The Free Dictionary  
mailing list For webmasters
Welcome Guest Forum Search | Active Topics | Members

Profile: DUET
About
User Name: DUET
Forum Rank: Advanced Member
Occupation:
Interests:
Gender: None Specified
Home Page
Statistics
Joined: Tuesday, June 25, 2013
Last Visit: Monday, May 15, 2017 4:35:14 AM
Number of Posts: 246
[0.03% of all post / 0.15 posts per day]
Avatar
  Last 10 Posts
Topic: These are not necessarily compatible imperatives
Posted: Friday, May 12, 2017 6:27:33 AM
Source:


What does it mean, as the invitation requested, to dress “Avant-Garde”?

This was the question on Monday night at the Met Gala, the annual fund-raising event for the Metropolitan Museum of Art’s Costume Institute, and the answer was always going to be a doozy. On the one hand, the term avant-garde implies all sorts of things: pushing boundaries, breaking rules, going where no one else has gone before. On the other, the gala, one of the most-watched, celebrity-packed red carpet events of the year, has come to imply a lot of other things, chief among them major fashion-brand marketing moments (you know: put movie star in dress, have movie star identify dress, send picture round the world). These are not necessarily compatible imperatives.

What does the two bold part above suggest?
Topic: have got used to newcomers
Posted: Wednesday, April 19, 2017 10:02:02 PM
London boroughs such as Hackney and Newham have welcomed large numbers of foreigners for centuries. People in those places have got used to newcomers, suggests Tony Travers of the London School of Economics.


Could someone please paraphrase the bold part?
Topic: Bookmakers are giving odds as long as ten to one of Labour winning
Posted: Wednesday, April 19, 2017 9:04:35 PM
Thanks to you all! specially to Drag0nspeaker for your finest explanation!
Topic: Bookmakers are giving odds as long as ten to one of Labour winning
Posted: Wednesday, April 19, 2017 12:58:37 PM
What does "as long as" suggest here?
Topic: Bookmakers are giving odds as long as ten to one of Labour winning
Posted: Wednesday, April 19, 2017 5:49:04 AM
They could hardly be seen to turn down a chance to eject the government. But the truth is that for many in the Labour Party, the official opposition, the election is uncomfortably timed. Labour trails the Tories in the polls by more than 20 percentage points (see chart below), thanks mainly to the unpopularity of its leader, Jeremy Corbyn, an uncharismatic far-leftist who was chosen with enthusiasm by the party’s members in 2015, and again in 2016, but who fails to appeal to voters more widely. Bookmakers are giving odds as long as ten to one of Labour winning more seats than the Conservatives.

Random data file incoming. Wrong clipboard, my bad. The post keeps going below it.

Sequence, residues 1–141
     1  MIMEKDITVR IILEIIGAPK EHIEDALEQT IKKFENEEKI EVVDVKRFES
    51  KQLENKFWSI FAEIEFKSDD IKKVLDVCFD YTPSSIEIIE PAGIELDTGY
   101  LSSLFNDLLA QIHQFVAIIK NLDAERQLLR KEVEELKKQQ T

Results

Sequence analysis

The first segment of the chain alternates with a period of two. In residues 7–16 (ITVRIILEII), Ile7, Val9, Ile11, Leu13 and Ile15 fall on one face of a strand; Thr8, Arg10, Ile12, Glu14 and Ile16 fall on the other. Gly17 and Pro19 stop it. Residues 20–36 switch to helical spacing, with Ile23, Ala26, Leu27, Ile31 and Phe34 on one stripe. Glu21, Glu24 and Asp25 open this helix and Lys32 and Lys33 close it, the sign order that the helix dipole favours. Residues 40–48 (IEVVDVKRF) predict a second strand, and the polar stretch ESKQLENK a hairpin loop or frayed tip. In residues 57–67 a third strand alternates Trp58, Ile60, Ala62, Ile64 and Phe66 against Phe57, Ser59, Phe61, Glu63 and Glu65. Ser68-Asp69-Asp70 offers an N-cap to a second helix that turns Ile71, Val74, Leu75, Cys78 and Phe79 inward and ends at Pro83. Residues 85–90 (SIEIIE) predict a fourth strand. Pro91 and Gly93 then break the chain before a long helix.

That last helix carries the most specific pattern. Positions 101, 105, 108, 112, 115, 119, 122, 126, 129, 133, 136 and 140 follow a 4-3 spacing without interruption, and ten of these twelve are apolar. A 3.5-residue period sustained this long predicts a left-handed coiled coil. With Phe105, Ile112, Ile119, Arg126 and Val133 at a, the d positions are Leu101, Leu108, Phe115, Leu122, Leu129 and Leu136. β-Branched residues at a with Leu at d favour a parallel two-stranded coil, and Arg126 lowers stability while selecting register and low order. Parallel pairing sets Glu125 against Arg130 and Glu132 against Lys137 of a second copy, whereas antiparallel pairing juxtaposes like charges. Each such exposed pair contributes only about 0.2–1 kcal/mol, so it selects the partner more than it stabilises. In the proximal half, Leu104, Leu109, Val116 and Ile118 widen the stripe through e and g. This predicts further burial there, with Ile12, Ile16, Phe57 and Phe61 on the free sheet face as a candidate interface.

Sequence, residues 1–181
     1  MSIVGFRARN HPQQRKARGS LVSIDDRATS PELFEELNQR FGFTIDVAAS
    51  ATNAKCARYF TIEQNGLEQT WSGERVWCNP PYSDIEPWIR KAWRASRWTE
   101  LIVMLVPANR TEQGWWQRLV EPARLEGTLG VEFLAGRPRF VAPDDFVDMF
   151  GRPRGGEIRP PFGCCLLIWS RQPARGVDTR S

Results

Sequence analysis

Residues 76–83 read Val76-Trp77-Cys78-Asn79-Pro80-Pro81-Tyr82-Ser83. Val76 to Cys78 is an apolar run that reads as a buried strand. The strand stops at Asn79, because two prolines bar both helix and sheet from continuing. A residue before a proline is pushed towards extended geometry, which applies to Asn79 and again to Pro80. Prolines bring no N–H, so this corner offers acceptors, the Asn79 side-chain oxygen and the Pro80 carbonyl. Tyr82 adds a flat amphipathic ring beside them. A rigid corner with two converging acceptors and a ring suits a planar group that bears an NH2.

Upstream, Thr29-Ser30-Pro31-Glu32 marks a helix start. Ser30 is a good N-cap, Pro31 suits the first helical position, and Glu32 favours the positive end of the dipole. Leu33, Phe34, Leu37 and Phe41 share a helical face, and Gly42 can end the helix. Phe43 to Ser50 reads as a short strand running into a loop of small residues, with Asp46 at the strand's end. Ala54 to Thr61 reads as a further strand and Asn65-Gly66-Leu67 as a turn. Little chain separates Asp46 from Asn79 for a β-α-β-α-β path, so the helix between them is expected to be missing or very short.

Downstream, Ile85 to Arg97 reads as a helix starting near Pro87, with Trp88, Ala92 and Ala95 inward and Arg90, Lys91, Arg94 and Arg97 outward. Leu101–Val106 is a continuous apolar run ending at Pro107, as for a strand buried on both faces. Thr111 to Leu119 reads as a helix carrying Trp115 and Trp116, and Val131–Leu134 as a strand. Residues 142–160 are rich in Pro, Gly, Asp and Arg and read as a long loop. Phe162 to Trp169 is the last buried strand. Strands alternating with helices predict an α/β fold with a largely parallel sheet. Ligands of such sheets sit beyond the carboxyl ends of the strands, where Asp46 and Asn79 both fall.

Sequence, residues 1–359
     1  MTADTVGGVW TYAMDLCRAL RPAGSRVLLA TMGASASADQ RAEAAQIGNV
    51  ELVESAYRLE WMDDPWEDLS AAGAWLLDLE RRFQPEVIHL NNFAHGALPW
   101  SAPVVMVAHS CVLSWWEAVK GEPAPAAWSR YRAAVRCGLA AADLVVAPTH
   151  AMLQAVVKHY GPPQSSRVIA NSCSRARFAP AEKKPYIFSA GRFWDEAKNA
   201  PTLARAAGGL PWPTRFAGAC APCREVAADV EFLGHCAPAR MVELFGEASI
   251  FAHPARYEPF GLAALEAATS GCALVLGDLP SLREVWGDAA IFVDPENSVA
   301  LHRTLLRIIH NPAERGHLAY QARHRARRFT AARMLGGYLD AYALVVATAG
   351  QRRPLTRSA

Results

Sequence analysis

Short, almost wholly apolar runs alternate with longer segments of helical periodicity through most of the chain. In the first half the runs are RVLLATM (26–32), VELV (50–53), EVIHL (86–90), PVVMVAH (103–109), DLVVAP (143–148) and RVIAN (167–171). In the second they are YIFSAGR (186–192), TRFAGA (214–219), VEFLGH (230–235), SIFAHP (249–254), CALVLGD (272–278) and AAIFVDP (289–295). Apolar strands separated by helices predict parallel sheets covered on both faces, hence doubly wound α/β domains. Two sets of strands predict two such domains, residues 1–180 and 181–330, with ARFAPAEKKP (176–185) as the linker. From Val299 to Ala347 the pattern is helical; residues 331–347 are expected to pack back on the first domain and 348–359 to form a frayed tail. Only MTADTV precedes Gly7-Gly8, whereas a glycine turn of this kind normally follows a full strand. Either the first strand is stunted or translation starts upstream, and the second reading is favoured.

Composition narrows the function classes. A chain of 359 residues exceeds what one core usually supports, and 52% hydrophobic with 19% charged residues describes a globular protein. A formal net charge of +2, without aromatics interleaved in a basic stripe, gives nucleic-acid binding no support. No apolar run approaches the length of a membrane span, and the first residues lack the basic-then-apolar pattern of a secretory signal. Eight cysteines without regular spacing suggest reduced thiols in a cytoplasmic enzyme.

Could someone please paraphrase the bold part?
Topic: Another reason to raise an eyebrow
Posted: Thursday, April 13, 2017 11:40:33 AM
Another reason to raise an eyebrow at the aw-shucks I’m-not-here-to-impose-my-will-on-anybody deference peppering Mr Gorsuch’s dodge-and-weave performance before the Senate Judiciary Committee last month is more than 300 pages long: his book, “The Future of Assisted Suicide and Euthanasia”, published in 2006.

Which part of the above sentence expressing the reason? Could someone please explain the reason?
Topic: have some late nights ahead
Posted: Thursday, April 13, 2017 11:08:21 AM
It typically takes some time to get a sense how the court will be reshaped by a new justice. But Mr Gorsuch is diving into the job at an unusual time: days before the final two weeks of oral arguments of the term. With this highly compressed time frame, the new justice and his just-hired quartet of clerks have some late nights ahead.


What does the bold part suggest?
Topic: in this vital national security interest of the United States
Posted: Monday, April 10, 2017 3:58:35 AM
“Tonight, I ordered a targeted military strike on the air base in Syria from where the chemical attack was launched,” Mr. Trump said in remarks at his Mar-a-Lago estate in Florida. “It is in this vital national security interest of the United States to prevent and deter the spread and use of deadly chemical weapons.”


Does the bold "it" refers to the the bold red part?
Topic: Also on the anti-cloud side, a large cloud provider is a juicier target
Posted: Friday, December 16, 2016 10:54:39 AM
Also on the anti-cloud side, a large cloud provider is a juicier target. Whether or not this matters depends on your threat profile. Criminals already steal far more credit-card numbers than they can monetise; they are more likely to go after the smaller, less-defended networks. But a national intelligence agency will prefer the one-stop shop a cloud provider affords. That is why the National Security Agency (NSA) broke into Google’s data centres.


Could someone please explain above writing?
Topic: At times
Posted: Friday, December 16, 2016 4:04:16 AM
The United States has few options for responding to such hacks. Russia does not extradite its citizens and has shown that it will not easily be deterred through public shaming. At times, the American authorities have enlisted local police officials to arrest suspects when they leave Russia — for vacation in the Maldives, for example.

What does "at times" in the above writing?

Main Forum RSS : RSS
Forum Terms and Guidelines. Copyright © 2008-2017 Farlex, Inc. All rights reserved.